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In Brief

LADEE Moon Probe's Minotaur V Rocket Up Close (Photo)

Miriam Kramer and Minotaur V Rocket Carrying LADEE Mission staff writer Miriam Kramer looks on at the Minotaur V rocket that will propel NASA's Lunar Atmosphere and Dust Environment Explorer mission. (Image credit: Andrea Peterson/

WALLOPS ISLAND, Va. — There's nothing else quite like standing in front of a brand-new rocket before it launches. NASA's Lunar Atmosphere and Dust Environment Explorer spacecraft, set to launch today (Sept. 6) from here at NASA's Wallops Flight Facility is now tucked away inside the Minotaur V rocket that will catapult it out of Earth's atmosphere, sending it on a journey to the moon.

The sun glinted off the rocket yesterday as technicians made final preparations before the launch scheduled for 11:27 p.m. EDT (0327 Sept. 7 GMT) tonight. A few of the workers took photos of one another and stopped to wave at the crowd below. Journalists and members of the public were snapping pictures and excitedly talking about the impending launch staring up at the rocket sitting on Pad 0B of Virginia's Mid-Atlantic Regional Spaceport. [Photos: NASA's LADEE Moon Dust Mission]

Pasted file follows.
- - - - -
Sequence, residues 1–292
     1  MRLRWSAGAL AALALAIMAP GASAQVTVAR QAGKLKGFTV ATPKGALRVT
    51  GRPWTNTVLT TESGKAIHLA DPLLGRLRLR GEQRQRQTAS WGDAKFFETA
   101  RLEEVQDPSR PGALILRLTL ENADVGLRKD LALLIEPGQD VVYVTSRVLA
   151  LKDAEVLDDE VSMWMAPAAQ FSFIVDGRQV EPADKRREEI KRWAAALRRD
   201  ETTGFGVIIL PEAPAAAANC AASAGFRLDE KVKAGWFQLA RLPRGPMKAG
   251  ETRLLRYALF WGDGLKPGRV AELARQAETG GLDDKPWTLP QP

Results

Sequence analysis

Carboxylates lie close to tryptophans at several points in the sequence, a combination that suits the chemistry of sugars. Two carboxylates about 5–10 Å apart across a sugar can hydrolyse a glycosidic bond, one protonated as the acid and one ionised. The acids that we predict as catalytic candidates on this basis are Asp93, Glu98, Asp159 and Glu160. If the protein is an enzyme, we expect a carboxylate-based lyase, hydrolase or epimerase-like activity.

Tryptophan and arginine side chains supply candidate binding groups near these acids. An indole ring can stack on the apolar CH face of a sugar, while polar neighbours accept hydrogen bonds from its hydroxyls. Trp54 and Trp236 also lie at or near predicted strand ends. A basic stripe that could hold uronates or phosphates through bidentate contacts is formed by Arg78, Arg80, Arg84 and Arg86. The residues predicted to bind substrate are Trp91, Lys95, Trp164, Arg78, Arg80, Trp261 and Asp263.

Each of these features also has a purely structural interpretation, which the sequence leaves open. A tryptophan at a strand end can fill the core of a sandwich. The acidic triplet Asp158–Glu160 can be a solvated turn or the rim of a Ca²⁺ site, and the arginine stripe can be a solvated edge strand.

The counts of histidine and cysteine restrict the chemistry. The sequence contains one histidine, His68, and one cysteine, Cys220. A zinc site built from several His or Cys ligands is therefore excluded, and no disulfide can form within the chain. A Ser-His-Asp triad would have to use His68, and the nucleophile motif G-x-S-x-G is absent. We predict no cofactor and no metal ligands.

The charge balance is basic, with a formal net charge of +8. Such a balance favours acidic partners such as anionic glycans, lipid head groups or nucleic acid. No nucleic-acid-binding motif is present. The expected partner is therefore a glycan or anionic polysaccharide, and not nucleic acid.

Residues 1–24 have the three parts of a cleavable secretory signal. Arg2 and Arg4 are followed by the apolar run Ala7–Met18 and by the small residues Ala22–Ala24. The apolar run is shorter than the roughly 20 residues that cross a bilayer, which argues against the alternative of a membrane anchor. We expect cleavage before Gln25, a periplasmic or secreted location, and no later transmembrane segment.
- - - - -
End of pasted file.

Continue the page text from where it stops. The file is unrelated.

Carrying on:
There is much cause for excitement about NASA's next mission to the moon. LADEE is heading into lunar orbit to investigate a moon dust mystery dating back to the Apollo era. Apollo astronauts saw a strange glow on the moon's horizon before sunrise. LADEE's scientific instrumentation could help scientists understand if that glow was caused by particles of dust in the lunar atmosphere. The launch should be visible, weather permitting, along the East Coast of the United States. Find out how you can watch the launch live here.

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